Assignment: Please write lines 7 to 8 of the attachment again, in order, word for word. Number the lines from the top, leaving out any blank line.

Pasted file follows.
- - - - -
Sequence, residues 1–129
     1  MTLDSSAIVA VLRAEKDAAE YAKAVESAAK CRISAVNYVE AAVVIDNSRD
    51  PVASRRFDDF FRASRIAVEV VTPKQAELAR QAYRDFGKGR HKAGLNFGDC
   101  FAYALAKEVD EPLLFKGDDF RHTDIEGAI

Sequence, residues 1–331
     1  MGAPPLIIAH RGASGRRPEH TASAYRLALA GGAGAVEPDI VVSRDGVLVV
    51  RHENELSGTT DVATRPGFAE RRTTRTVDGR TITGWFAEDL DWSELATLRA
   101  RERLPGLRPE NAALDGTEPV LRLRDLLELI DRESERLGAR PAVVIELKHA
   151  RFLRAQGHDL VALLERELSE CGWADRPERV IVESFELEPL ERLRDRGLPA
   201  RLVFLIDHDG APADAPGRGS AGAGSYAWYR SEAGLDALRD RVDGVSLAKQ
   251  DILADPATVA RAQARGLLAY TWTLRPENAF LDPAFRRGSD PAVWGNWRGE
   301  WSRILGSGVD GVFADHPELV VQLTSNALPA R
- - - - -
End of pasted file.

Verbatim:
    51  RHENELSGTT DVATRPGFAE RRTTRTVDGR TITGWFAEDL DWSELATLRA
   101  RERLPGLRPE NAALDGTEPV LRLRDLLELI DRESERLGAR PAVVIELKHA